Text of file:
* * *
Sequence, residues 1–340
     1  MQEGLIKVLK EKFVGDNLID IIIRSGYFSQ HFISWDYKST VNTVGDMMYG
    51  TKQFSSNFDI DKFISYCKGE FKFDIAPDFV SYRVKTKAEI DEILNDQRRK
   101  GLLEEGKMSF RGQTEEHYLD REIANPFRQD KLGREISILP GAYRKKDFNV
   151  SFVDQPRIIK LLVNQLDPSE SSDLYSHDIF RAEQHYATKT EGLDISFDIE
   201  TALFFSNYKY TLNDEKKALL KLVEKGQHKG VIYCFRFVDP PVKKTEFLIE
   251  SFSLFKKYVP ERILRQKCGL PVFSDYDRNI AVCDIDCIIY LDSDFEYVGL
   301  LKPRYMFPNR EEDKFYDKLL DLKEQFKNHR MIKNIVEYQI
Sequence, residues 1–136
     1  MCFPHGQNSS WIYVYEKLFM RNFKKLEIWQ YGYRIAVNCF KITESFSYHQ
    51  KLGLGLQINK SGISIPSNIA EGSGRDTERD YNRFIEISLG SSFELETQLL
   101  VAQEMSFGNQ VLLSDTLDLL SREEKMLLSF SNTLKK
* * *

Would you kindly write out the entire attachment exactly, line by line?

Sequence, residues 1–340
     1  MQEGLIKVLK EKFVGDNLID IIIRSGYFSQ HFISWDYKST VNTVGDMMYG
    51  TKQFSSNFDI DKFISYCKGE FKFDIAPDFV SYRVKTKAEI DEILNDQRRK
   101  GLLEEGKMSF RGQTEEHYLD REIANPFRQD KLGREISILP GAYRKKDFNV
   151  SFVDQPRIIK LLVNQLDPSE SSDLYSHDIF RAEQHYATKT EGLDISFDIE
   201  TALFFSNYKY TLNDEKKALL KLVEKGQHKG VIYCFRFVDP PVKKTEFLIE
   251  SFSLFKKYVP ERILRQKCGL PVFSDYDRNI AVCDIDCIIY LDSDFEYVGL
   301  LKPRYMFPNR EEDKFYDKLL DLKEQFKNHR MIKNIVEYQI
Sequence, residues 1–136
     1  MCFPHGQNSS WIYVYEKLFM RNFKKLEIWQ YGYRIAVNCF KITESFSYHQ
    51  KLGLGLQINK SGISIPSNIA EGSGRDTERD YNRFIEISLG SSFELETQLL
   101  VAQEMSFGNQ VLLSDTLDLL SREEKMLLSF SNTLKK